Three days later, with the case near collapse because its primary informant had changed his story, Fay Faron decided to leak the details of the Foxglove investigation to the press at perhaps the absolute worst possible time, from a law enforcement standpoint. And she leaked big time. Front-page stories in major Bay Area newspapers blared the story of a Gypsy poison murder ring. Faron served up Jerry Lama to reporters like a juicy hors d'oeuvre. Ovanessian was quoted almost everywhere. Faron portrayed herself as a plucky private eye who was trying to make the cops do the right thing. She went national with the story, and the television magazine 20/20 broadcast a segment on it. Self-promotion, it seems, had become at least as important as catching the bad guys.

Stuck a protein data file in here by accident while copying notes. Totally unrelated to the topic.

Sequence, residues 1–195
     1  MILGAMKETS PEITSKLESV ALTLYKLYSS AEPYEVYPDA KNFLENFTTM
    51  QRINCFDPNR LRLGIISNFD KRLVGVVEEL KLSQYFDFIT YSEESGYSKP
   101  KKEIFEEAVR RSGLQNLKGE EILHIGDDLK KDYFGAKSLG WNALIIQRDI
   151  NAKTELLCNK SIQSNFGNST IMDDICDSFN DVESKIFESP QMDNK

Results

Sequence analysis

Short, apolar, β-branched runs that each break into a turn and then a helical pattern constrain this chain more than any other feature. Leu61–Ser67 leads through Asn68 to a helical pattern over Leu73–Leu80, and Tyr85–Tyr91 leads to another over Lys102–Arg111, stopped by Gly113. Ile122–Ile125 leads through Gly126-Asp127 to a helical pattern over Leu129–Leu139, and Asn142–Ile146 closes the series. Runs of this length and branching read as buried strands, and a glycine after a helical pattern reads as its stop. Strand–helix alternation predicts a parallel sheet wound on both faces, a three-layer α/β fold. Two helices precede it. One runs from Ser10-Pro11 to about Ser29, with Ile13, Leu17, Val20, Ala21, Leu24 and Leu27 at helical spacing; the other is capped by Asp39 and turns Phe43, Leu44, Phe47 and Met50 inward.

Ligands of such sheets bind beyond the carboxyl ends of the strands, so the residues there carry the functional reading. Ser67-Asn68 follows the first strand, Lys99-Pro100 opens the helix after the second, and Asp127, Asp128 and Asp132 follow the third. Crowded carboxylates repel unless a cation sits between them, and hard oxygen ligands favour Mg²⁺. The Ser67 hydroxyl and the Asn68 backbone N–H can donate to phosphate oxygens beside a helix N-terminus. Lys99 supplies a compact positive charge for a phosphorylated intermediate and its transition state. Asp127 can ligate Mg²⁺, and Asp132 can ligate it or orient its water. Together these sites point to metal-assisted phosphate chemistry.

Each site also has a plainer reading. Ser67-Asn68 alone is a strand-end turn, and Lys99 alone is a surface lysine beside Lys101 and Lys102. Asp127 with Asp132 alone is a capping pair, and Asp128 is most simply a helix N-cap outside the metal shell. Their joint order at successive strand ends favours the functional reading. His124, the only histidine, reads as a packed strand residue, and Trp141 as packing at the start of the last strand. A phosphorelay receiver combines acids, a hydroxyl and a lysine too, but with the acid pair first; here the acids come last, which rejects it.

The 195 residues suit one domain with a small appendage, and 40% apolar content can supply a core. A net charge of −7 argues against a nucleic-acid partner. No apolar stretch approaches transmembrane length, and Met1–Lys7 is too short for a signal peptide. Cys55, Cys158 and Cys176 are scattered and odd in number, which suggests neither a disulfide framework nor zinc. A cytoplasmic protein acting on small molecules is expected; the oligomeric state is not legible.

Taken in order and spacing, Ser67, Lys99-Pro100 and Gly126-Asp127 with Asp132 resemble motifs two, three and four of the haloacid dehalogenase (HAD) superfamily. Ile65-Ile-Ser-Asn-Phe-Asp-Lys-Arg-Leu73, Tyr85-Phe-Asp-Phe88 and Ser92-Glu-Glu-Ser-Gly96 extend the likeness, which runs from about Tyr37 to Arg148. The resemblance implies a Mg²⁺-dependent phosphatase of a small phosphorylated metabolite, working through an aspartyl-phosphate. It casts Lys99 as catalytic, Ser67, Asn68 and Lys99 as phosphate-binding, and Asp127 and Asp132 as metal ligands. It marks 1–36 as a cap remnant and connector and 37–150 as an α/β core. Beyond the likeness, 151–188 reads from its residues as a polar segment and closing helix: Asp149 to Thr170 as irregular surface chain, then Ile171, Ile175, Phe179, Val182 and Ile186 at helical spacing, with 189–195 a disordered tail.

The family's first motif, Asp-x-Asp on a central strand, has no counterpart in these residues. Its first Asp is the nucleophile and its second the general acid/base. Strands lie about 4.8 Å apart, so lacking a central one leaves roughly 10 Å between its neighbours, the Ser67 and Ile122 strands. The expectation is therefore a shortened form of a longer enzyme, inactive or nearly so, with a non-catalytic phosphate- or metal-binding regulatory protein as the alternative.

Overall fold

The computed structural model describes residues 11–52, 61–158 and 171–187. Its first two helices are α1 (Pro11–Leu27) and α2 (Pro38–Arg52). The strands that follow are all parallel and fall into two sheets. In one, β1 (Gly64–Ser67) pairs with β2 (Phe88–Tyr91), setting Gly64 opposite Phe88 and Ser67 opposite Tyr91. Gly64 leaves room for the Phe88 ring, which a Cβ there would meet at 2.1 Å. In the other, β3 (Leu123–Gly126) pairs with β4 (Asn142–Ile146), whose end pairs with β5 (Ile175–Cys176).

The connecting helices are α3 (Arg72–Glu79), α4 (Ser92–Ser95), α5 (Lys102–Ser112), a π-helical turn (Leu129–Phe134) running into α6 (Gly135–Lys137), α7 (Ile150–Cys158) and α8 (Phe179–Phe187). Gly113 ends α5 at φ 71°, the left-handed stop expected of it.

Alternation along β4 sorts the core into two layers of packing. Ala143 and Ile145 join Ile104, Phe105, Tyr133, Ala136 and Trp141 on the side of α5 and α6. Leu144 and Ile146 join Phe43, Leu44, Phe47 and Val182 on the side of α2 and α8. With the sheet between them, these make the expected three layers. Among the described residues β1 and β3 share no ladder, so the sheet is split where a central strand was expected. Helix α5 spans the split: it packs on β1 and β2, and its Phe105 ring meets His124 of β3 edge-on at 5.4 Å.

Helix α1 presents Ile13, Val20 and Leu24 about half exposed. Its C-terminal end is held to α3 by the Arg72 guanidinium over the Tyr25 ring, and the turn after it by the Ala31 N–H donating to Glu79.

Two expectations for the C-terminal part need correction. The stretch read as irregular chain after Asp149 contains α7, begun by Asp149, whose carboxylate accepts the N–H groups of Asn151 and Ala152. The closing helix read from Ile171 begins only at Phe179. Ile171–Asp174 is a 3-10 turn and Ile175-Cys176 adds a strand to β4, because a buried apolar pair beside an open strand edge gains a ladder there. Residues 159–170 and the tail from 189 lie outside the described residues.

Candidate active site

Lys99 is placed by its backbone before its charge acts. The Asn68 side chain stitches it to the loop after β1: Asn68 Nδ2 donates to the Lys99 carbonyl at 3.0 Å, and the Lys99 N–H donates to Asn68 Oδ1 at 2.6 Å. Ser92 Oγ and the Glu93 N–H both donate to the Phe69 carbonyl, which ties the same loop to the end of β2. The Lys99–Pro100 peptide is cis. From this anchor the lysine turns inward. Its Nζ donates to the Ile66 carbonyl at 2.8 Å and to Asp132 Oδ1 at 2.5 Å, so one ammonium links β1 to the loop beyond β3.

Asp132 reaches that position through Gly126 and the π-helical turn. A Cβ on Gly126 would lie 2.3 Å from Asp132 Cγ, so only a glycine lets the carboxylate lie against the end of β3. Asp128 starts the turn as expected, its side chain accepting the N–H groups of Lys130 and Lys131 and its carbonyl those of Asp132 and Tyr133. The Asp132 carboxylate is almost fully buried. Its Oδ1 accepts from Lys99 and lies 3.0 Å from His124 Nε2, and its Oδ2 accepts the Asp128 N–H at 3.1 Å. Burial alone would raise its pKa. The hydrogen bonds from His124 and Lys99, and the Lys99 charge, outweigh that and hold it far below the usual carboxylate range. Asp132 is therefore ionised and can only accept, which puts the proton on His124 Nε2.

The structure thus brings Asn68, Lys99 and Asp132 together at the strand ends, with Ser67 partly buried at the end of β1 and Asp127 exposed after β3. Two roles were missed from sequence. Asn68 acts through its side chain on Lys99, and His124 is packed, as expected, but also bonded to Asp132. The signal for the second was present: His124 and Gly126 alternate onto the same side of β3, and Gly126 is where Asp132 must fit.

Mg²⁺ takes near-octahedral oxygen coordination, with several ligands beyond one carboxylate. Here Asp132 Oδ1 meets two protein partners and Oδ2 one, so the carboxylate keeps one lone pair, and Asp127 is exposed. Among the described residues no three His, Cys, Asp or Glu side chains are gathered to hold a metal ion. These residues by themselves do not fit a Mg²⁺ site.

And if these bungles were not sufficient to undermine the case, more and better were soon to follow. And again the chaos stemmed from the involvement of private investigators in matters that should have been handled solely by police.

Inspector Ovanessian introduced Fay Faron and another local private investigator, John Nazarian, in 1993. Nazarian, who had detailed knowledge of the Gypsy community, its traditions, and its organization, was a natural ally for Faron. The two soon moved into offices together and began working on the case.

Each layer of the story they unpeeled made it seem more fascinating, more tantalizing, more and more like a Hollywood movie. Before long, the two PIs and the two police inspectors began talking about making a movie, or writing a book. The introduction of the Hollywood angle would be fatal to the investigation.